In August 2019, at a campaign rally in New Hampshire, President Trump repeated these claims. He complained to reporters and to his supporters that he had narrowly lost the state because of fraudulent voting, a claim for which he gave no evidence. "New Hampshire should have been won last time, except we had a lot of people come in at the last moment, which was a rather strange situation," Trump told journalists. "Thousands and thousands of people, coming in from locations unknown."[11] Commissioner Weintraub followed these claims with a letter asking Trump to produce evidence of these assertions.[12]

During 2017, Weintraub championed greater disclosure of political ads on the internet, and helped move the FEC to open a rulemaking on the matter with bipartisan support.[13]

On December 18, 2018 she was once again elected Chair.[14]

Weintraub's term ended April 30, 2007, but she continues in office until her successor takes office.[15][16] She is not eligible for reappointment.

Personal lifeEdit

Weintraub is married to Bill Dauster (former director of policy for Senator Chris Van Hollen and former legislative director for Senator Russ Feingold).[17] She is a Reform Jew.[18]

See alsoEdit

ReferencesEdit

  1. ^ "Commissioner Ellen L. Weintraub Biographical Information". Federal Election Commission. Retrieved January 20, 2018.
  2. ^ a b "Ellen L. Weintraub Official Biography". Federal Election Commission. Retrieved May 5, 2009.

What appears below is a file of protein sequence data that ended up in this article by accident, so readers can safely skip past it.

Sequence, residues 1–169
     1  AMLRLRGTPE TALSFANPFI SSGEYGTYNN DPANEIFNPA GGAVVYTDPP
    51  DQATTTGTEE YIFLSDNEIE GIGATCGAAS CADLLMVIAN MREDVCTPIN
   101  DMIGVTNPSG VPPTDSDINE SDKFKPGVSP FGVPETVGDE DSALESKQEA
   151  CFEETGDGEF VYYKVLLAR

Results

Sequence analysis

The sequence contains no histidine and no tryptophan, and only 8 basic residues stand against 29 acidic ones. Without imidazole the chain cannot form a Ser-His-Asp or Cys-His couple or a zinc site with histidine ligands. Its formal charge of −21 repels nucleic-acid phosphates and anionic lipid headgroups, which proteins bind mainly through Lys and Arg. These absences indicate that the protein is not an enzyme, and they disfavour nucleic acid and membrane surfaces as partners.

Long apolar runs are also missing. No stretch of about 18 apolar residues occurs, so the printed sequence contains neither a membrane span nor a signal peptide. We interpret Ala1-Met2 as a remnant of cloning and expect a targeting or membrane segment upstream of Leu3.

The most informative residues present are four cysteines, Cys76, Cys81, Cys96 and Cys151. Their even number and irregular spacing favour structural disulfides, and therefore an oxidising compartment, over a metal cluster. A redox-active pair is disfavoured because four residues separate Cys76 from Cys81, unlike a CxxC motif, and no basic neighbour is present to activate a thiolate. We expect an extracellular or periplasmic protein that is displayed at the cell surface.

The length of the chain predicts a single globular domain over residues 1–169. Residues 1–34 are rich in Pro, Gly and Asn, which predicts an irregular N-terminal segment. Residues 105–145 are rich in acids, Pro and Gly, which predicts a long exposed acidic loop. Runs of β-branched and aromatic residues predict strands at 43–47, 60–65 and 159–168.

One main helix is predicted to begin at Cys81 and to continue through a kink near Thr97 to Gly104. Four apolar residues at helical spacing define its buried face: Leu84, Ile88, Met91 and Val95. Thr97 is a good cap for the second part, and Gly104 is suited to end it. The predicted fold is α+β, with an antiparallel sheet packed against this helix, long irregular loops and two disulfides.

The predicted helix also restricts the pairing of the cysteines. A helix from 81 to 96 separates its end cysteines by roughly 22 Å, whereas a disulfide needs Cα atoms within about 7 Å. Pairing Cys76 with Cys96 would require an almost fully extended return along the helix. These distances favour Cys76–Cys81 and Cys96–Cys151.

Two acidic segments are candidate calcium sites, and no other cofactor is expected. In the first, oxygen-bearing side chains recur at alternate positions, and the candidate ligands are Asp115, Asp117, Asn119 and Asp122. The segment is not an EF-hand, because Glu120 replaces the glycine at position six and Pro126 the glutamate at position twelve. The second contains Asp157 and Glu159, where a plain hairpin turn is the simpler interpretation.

3. ^ "President Bush Announces Recess Appointment". The White House. December 6, 2002.
  4. ^ "FEC Commissioners". Federal Election Commission. Retrieved May 5, 2009.
  5. ^ "Gay spouses have same rights as straight couples, FEC rules". The Washington Post. July 26, 2013.
  6. ^ "Elections official asks Trump for evidence of voter fraud". Reuters. February 10, 2017.
  7. ^ "Statement of Commissioner Ellen L. Weintraub Regarding Allegations by the President of the United States of Widespread Voter Fraud in New Hampshire," Archived 2017-02-11 at the Wayback Machine February 10, 2017.
  8. ^ "FEC commissioner: 'I will not be silenced' on Trump's voter fraud claims". Washington Examiner. February 21, 2017.
  9. ^ "What The Media Should Know About Cause Of Action, The Koch-Backed Group Suing Over Clinton's Emails," Media Matters, July 9, 2015.
  10. ^ "FEC member: I have the right to demand Trump prove voter fraud claims". CNN. February 21, 2017.
  11. ^ "FEC chair challenges Trump to provide evidence of voter fraud in New Hampshire". www.msn.com. Retrieved October 4, 2019.
  12. ^ "FEC chairwoman calls out Trump over New Hampshire voter fraud claims". news.yahoo.com. Retrieved October 4, 2019.
  13. ^ "Election officials move closer to placing new rules on Facebook and Google". The Washington Post. November 16, 2017.
  14. ^ "FEC elects Weintraub as Chair, Petersen as Vice Chairman for 2019". FEC.gov. December 18, 2018. Retrieved February 23, 2019.
  15. ^ 52 U.S.C. § 30106(a)(2)(B)
  16. ^ "Their terms expired years ago, but Trump, Congress won't replace them". NBC News. Retrieved June 14, 2019.
  17. ^ "Who Runs Gov: Bill Dauster". Washington Post. Retrieved January 20, 2018.
  18. ^ Rosenblum, Jonah L. "A Jewish perspective on the Federal Election Commission". Cleveland Jewish News. Retrieved February 15, 2018.

External linksEdit